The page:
A computational implementation of Jane Jacobs generators of diversity
Part of the reason for the frequent recent mentions of Jane Jacobs on this blog is that I’ve been working on developing a ‘Computational Implementation of Jane Jacobs’ Generators of Diversity’ as part of my recently completed dissertation at CASA UCL.
Jacobs convincingly argues that diversity fuels autocatalytic webs of social and economic activity, and that this is both the cause and consequence of the agglomeration of people in cities. These webs facilitate a co-evolutionary emergence of increasingly varied and complicated inter-relationships… hence permitting the ongoing development and adaptation of urban systems. She argues that cities must be sufficiently heterogeneous and granular for these processes to unfold without hindrance. For this purpose, she proposes four “generators of diversity”, briefly consisting of mixed-uses; short-blocks; buildings of varied age and condition; and a dense concentration of people. At first glance these may appear simplistic, but they actually rest on a deeply reasoned conception of urban economic processes and the nature of how complex systems work.
Some of the logic underlying the theoretical approach can be gleaned from my previous posts (particularly this one and this one), but at the end of the day it boils down to maximising the combinatorial possibilities for varied economic relationships to form and co-evolve, and providing the necessary flexibility for these relationships to vary and adapt across the space-time fabric of cities. In other-words, the greater the diversity of land-uses, the greater the number of route choices, the greater the economic opportunities for fledgling businesses (affordable buildings / rents), and the greater the number and diversity of people, the more ways neighbourhoods can adapt and co-evolve. Crudely, the more potential and flexibility to connect more things in more ways at varied places and times throughout the day, the better.
The (wicked) problem with applying performative and parametric design at the urban scale is that complex systems don’t exactly yield themselves to prediction or control. In the parlance of complexity science, this means sensitivity to initial conditions, path dependence, phase transitions, multiple equilibria, and all the novel ways for positive and negative emergent feedback processes to occur. (Don’t get me wrong, modelling of complex systems can still be hugely important for understanding them.) A large part of the issue is that the physical structure of cities is just the tip of the iceberg; more important is the relationships between places and spaces rather than the places and spaces themselves, a point aptly made by Mike Batty: “…cities must now be looked at as constellations of interactions, communications, relations, flows, and networks, rather than locations … location is, in effect, a synthesis of interactions…” (pg.13, The New Science of Cities1) The bottom-line is that spatial structures and the enfolded flows of people, information, and resources co-evolve in very complicated ways.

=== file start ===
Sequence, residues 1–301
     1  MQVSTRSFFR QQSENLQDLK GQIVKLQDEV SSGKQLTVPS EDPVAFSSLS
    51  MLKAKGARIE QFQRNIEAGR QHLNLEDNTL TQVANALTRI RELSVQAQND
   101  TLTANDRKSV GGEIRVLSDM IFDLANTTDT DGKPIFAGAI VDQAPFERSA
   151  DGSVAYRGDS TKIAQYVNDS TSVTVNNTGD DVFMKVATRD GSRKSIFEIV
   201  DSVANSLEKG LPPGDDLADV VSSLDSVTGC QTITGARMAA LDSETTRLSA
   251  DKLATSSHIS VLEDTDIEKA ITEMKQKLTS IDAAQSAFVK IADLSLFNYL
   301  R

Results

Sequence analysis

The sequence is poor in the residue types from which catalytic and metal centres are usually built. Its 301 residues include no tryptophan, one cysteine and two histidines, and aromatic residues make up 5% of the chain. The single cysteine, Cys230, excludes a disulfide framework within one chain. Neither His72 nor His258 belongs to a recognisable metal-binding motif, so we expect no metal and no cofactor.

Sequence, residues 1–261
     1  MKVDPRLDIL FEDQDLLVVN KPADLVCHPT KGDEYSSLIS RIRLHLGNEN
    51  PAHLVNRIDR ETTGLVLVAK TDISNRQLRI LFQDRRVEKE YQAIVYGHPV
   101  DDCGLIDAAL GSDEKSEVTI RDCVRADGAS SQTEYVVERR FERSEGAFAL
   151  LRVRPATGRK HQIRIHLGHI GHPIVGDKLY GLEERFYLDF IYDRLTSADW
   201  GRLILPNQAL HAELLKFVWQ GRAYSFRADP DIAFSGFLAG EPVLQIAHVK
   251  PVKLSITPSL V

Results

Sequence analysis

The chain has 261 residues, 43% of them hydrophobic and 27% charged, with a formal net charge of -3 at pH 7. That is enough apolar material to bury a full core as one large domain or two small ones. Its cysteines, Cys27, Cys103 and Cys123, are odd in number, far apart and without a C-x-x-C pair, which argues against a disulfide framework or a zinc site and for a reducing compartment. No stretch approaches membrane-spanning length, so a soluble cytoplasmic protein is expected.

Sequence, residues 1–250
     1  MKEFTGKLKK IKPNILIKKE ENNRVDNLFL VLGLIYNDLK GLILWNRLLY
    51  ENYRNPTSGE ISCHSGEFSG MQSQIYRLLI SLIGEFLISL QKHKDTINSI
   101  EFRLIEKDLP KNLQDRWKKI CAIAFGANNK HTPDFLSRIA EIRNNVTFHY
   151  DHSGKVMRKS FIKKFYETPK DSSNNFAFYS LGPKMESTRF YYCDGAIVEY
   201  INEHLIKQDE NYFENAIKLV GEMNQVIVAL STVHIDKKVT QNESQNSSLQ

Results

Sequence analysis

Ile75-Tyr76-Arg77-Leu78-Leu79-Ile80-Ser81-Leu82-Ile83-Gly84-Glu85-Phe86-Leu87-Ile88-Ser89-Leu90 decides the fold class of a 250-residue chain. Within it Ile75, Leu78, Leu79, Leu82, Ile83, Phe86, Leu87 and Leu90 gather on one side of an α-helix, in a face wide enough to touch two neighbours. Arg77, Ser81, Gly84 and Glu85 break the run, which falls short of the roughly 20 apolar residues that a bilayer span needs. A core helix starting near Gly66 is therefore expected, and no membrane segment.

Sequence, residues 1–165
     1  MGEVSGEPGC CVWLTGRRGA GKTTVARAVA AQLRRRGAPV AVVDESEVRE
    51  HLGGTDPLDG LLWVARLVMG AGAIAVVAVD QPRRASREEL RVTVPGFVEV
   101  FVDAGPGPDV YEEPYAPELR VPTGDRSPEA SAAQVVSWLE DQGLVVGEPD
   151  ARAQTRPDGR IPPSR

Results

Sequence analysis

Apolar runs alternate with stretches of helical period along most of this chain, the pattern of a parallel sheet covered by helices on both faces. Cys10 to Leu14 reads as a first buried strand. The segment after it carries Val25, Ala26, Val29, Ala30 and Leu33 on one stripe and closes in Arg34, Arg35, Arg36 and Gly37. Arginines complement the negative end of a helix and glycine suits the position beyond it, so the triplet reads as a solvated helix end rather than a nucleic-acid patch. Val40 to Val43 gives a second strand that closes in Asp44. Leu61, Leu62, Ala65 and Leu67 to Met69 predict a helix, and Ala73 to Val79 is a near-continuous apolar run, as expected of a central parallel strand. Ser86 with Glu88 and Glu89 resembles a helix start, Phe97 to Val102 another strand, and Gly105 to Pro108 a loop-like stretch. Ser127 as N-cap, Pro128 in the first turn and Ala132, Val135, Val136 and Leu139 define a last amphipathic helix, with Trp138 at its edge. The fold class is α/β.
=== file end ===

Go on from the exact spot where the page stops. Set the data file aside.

While this complexity leaves us rather flustered when it comes to planning cities, Jacobs’ approach is actually very simple and effective. By arguing for an urban substrate that is sufficiently granular, i.e. heterogenous and porous, she is effectively saying that we need to provide a requisite level of flexibility for these process to go about their co-evolutionary development with much of the unpredictability that it entails. This is necessarily a bottom-up and ‘epigenetic’ process that permits self-organisation and – this can hardly be stressed enough – the capacity for constant change. A large aspect of her argument is essentially that we shouldn’t get in the way by imposing overly abstract and rigid urban structures that severely hamper these processes from unfolding over time and through space. (A nice overview of these themes can be found in Stephen Marshall’s Cities, Design, and Evolution2).